Eventually, after extensive searching, a job up north on a farm seemed to come up. A farmer wanted a few lads to work on his farm as cattle-handlers whilst doing other stuff such as fencing. It was to mine and Nick’s despair that farmer Joe from the outback was quite adamant that a driver’s license was essential to fulfilling the job’s role adequately – something that neither of us two characters had in our inventories. In the end, Lee and Luke took the role up north at the farm and headed 12 hours-ride up into the desolate and ghostly outback to shepherd cattle on a motorbike. No signal. No cities. No goon. Me and Nick were left facing a tough time of job searching in Perth and it all culminated in a ‘we are going to die out here’ kinda feeling. Still we pressed on searching but in the end Nick decided the vast city of Perth was not for him; instead he again packed his bags and got a flight back to the flip side – Brisbane. All that was left was me – ‘cooped up alone in some dingy hostel’ seeing out my jobless days by going running and rinsing the free internet at the town library.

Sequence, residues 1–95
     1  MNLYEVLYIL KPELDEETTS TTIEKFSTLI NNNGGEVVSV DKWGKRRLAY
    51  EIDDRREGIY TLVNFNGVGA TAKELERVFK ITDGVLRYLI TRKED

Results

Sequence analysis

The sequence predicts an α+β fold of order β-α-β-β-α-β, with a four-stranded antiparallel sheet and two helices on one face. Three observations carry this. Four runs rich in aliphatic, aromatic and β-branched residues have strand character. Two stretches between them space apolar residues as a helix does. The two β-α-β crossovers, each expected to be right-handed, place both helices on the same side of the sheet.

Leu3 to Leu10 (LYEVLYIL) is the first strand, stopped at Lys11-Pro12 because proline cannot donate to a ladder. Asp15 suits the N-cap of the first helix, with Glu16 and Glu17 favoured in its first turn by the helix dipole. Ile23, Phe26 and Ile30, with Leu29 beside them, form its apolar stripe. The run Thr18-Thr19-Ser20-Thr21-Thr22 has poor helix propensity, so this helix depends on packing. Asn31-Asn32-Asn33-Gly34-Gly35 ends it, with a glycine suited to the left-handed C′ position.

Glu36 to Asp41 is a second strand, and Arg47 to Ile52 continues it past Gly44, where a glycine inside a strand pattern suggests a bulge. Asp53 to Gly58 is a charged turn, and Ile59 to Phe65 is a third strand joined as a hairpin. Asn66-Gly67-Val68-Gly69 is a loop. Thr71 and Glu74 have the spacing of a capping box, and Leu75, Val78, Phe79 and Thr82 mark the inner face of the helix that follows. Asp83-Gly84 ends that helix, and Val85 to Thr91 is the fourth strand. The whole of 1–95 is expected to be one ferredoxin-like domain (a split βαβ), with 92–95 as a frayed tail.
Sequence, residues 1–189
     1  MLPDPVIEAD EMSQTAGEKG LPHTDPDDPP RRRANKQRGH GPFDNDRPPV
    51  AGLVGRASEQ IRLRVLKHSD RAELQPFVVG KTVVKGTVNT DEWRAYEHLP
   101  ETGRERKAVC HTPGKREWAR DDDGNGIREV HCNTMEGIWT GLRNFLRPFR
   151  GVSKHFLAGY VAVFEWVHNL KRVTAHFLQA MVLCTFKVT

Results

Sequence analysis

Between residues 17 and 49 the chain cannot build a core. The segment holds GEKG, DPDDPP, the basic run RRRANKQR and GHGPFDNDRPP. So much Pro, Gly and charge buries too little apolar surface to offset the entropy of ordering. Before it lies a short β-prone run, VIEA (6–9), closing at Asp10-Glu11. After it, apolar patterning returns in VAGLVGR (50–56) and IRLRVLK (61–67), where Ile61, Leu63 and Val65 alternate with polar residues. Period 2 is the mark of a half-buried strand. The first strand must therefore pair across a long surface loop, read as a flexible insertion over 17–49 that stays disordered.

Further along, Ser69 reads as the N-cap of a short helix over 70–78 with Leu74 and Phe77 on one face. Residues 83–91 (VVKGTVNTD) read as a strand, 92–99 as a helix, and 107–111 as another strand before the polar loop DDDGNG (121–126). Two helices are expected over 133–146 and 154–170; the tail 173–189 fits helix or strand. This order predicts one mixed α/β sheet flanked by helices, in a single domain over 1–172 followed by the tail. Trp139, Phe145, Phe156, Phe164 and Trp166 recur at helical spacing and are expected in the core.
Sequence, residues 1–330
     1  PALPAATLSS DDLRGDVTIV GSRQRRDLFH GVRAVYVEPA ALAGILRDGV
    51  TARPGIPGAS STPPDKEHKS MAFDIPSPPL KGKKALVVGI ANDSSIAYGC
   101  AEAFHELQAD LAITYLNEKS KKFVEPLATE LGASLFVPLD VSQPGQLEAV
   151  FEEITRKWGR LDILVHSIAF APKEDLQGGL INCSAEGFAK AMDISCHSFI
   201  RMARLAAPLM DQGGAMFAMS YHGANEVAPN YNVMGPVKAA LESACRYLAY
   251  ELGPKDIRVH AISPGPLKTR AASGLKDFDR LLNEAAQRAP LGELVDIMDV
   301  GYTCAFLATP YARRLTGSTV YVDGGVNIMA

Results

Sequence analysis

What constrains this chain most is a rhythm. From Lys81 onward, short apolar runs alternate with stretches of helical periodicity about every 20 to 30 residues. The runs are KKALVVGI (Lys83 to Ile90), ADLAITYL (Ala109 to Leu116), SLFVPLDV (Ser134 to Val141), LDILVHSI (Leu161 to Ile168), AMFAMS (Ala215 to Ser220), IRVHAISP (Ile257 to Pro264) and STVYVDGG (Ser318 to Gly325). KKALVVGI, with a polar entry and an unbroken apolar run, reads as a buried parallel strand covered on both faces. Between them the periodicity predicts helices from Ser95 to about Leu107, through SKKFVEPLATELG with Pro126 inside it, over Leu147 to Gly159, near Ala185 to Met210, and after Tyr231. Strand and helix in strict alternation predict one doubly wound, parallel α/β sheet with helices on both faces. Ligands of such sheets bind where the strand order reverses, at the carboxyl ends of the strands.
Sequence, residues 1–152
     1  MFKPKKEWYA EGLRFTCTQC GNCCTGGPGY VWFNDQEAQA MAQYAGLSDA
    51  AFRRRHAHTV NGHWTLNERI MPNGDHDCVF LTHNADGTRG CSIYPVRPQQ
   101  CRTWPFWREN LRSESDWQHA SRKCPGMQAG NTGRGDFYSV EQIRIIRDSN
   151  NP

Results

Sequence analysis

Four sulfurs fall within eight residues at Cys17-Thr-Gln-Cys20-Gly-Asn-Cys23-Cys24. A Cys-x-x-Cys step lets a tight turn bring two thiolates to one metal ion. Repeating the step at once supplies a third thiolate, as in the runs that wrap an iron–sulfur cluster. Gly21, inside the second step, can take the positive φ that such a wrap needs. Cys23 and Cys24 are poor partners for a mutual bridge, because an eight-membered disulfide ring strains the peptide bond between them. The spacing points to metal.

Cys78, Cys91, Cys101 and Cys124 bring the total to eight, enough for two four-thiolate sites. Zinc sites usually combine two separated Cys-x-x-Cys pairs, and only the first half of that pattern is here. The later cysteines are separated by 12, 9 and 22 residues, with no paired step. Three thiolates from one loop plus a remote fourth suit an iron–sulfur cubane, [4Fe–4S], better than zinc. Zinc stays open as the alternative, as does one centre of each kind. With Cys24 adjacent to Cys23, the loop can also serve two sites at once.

Ultimately, with money and health slowly depleting, I decided the game of Australia needed an intervention. I had to get a job and supplement my living expenses else I’d be dead at the side of the sun-beat road. There was a town 900km up north that I had read about; its name was Carnarvon and apparently, according to an array of websites and my good friends at ‘harvest trail’, there was a substantial amount of farm work available. Word on the Aussie streets was that, after our 30% non-residency tax, you could earn up to $600 a week picking fruit and other generic farm stuff that needed to be done. In such, this seemed to be an avenue worse pursuing – even if it was a 12 hour bus journey. So it was that me and Louise (a 4 foot ten inch Irish girl from the hostel who was also searching for work) booked our Greyhound bus ticket and set off into the outback. No signal. No cities. No goon. What awaited us in Carnarvon was unknown but the hostels did allege to set travelers up with work within five working days. Hopefully this would prove true. If not we could find ourselves in the middle of nowhere with no money and hope – lost in the outback. Still, it’s all a game right.
Mission Three: Carnarvon